“My Junk Drawer”

By Robert Kirwan

Every now and then I get the urge to go through my cluttered office in an effort to get rid of some of the “junk” that has accumulated over time. There are so many things lying around that I haven’t needed in years and I can always use the space that would be created by throwing out stuff I don’t need. A few weeks ago I got that urge to do some “cleaning”.
I decided to start with the bottom drawer in my desk. This is what I refer to as my “junk drawer” simply because whenever I don’t have a specific place to put something, I toss it into the “junk drawer” where it tends to remain forever. At first glance, the contents looked exactly like a collection of odds and ends that one would certainly classify as junk. However, as I picked up each item, giving serious consideration to tossing it into the garbage can, I found myself unable to part with it. For you see, each item contained memories of experiences and treasured moments in my life. After a couple of hours looking over the memorabilia and replacing each one back into the drawer, I realized this was an impossible task. I hadn’t thrown a single item out. All I had done was rearrange the items neatly in the drawer.
As it turned out, later that evening I came across a little story written by Robert Fulghum about his seven year old daughter, Molly.
It was Molly’s job to hand her father his brown paper lunch bag each morning before he headed off to work. One morning, in addition to his usual lunch bag, Molly handed him a second paper bag. This one was worn and held together with duct tape, staples, and paper clips.
“Why two bags” Fulghum asked.
Molly answered. “Just some stuff. Take it with you.”
Reluctantly, Fulghum stuffed both sacks into his briefcase, kissed Molly and rushed off. At midday, while hurriedly downing his real lunch, he tore open Molly’s bag and shook out the contents: two hair ribbons, three small stones, a plastic dinosaur, a pencil stub, a tiny sea shell, two animal crackers, a marble, a used lipstick, a small doll, two chocolate kisses, and 13 pennies.
Fulghum smiled, finished eating, and swept the desk clean – into the wastebasket – leftover lunch, Molly’s junk and all.
That evening, Molly ran up behind him as he read the paper.
“Where’s my bag?”
“What bag?”
“You know the one I gave you this morning.”
“I left it at the office. Why?”
“I forgot to put this note in it,” she said. “And, besides, those are my things in the bag, Daddy, the ones I really like. I thought you might like to play with them, but now I want them back. You didn’t lose the bag, did you, Daddy?”
“Oh, no,” he said, lying. “I just forgot to bring it home. I’ll bring it tomorrow.”
While Molly hugged her father’s neck, he unfolded the note that had not made it into the sack: “I love you, Daddy.”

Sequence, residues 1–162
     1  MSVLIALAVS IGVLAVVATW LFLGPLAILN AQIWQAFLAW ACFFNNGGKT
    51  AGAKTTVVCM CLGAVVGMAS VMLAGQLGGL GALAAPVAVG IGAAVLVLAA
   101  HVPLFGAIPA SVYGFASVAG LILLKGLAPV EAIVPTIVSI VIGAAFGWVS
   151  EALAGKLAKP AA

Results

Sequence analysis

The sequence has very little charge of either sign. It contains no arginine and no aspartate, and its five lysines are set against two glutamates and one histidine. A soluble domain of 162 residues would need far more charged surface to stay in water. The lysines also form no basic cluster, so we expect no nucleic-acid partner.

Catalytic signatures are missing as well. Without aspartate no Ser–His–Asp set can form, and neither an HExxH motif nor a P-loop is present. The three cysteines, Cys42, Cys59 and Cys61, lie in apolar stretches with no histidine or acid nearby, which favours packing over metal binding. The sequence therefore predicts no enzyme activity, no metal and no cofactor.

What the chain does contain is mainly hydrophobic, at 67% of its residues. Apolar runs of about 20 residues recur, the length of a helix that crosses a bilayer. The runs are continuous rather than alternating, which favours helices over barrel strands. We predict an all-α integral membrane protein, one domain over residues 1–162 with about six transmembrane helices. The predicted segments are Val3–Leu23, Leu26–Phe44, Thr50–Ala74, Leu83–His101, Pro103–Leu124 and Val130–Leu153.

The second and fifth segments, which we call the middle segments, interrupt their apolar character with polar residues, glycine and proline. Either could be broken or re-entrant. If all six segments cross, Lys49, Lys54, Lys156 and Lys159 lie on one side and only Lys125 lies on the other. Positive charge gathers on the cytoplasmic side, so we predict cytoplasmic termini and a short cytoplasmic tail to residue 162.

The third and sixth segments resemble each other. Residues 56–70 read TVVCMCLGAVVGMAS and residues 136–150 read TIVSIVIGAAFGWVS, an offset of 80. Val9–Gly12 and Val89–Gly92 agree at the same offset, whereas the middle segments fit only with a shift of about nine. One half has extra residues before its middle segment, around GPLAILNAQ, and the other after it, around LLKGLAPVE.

Molly had given him her treasures – all that a 7-year-old held dear. Love in a paper sack, and he missed it – not only missed it, but had thrown it in the wastebasket. So back he went to the office. Just ahead of the night janitor, he picked up the wastebasket and poured the contents on his desk.
After washing the mustard off the dinosaurs and spraying the whole thing with breath-freshener to kill the smell of onions, he carefully smoothed out the wadded ball of brown paper, put the treasures inside and carried it home gingerly, like an injured kitten. The bag didn’t look so good, but the stuff was all there and that’s what counted.
After dinner, he asked Molly to tell him about the stuff in the sack. It took a long time to tell. Everything had a story or a memory or was attached to dreams and imaginary friends. Fairies had brought some of the things. He had given her the chocolate kisses, and she had kept them for when she needed them.
As I finished reading the story, I realized how important those things in my desk drawer were to me. That drawer was just like Molly’s bag of treasures. There were the two dried up dandelions that my granddaughter had picked for me two summers ago. I kept them because she was so excited about giving Grandpa some flowers. Then there was the old photo of me standing in my backyard holding in my hands the very first pay cheque I ever received when I started my first summer job. There was the old hockey puck that my son gave me in Kingston when he came off the ice after officiating his very first OHL hockey game. For two hours I picked up item after item and each brought back fond memories. I just couldn’t throw them away. I would be throwing away those special moments in my life.
Molly and I seemed to have a lot in common. My problem is that my treasures have been collected and accumulated over a much longer period of time than seven years. Everywhere I turn I see treasures that have a great deal of significance to me and in many cases, to me alone. They may not seem like much to others, but they mean a lot to me.
So the next time you get the urge to “clean up and declutter”, forget about what the experts say about throwing out things you no longer use. Most of those things meant something special to you at one time in your life.  We must all remember that it’s not the destination that counts in life – it’s the journey. The journey with the people we love is all that really matters. And the things in that bottom drawer in my desk remind me about those people. I don’t think that drawer will ever get cleaned out, so I guess I should just buy myself a bigger desk. You should see my garage.
Have a good week.